Well perserverance and knowledge anyway. Once those are acquired in sufficient measure not a lot of money is lost.

  12. #51
    Join Date
    Dec 2011
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    Olmsted County, MN USA
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    86

    Default Re: How long do most newbies stay with beekeeping?

    Twenty-plus mentors on our club list for the past two years. None got a call. Can't push a rope.
    Christian (Chris) Schad
    Website: TheBeeShed.com, Facebook: The Bee Shed

  13. #52
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    Jan 2015
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    Hanover, PA
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    Default Re: How long do most newbies stay with beekeeping?

    Quote Originally Posted by roykessler View Post
    Beekeeping is easy and fun with little commitment. Not sure what you guys are getting at.

    Roy
    I would like to believe that there is an element of sarcasm here

  14. #53
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    Feb 2015
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    Dallas, texas
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    Default Re: How long do most newbies stay with beekeeping?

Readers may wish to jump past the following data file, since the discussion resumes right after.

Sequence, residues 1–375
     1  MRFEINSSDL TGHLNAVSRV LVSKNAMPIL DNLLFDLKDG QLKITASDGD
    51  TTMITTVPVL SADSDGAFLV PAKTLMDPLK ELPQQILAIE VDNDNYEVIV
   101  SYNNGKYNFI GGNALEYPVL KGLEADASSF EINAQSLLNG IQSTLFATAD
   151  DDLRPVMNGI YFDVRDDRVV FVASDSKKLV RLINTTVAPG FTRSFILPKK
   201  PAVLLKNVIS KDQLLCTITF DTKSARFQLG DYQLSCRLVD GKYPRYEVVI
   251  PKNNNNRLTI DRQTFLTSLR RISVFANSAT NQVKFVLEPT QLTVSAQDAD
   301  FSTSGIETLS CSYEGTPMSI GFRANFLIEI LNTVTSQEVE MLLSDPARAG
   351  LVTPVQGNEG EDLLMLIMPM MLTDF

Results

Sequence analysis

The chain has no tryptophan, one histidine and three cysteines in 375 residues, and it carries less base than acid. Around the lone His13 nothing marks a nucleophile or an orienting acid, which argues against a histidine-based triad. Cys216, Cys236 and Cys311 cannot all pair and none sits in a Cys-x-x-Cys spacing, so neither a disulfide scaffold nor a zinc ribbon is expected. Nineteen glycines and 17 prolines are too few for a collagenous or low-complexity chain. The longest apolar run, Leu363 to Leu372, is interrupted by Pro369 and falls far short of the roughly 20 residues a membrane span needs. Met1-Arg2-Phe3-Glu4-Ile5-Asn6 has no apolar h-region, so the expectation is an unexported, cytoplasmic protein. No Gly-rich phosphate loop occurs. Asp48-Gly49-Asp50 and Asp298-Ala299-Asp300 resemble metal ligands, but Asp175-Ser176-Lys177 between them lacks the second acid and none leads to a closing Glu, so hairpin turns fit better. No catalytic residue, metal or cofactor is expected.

Quote Originally Posted by IsedHooah View Post
    I would like to believe that there is an element of sarcasm here
    Actually I was being serious but I don't want to ruffle any feathers here. I think everyone has their own way of doing things. To me Beekeeping is easy with little commitment.

  15. #54
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    Jan 2009
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    Cookeville, TN, USA
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    Default Re: How long do most newbies stay with beekeeping?

    A lot of good observations in this thread. My 2 cents....
    A lack of goals usually isn't a good sign - If you don't expect or desire to get anything out of it you probably won't. But mostly it's just like other hobbies - a lot of the fun plays out about the time you complete the collection of paraphernalia.

    Seriously - only a few people are going to enjoy enteracting with stinging insects in 90 degree southern humidity. The surprising thing is that so many people even try it.
    Since '09-75H-T-Z6b

  16. #55
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    Feb 2015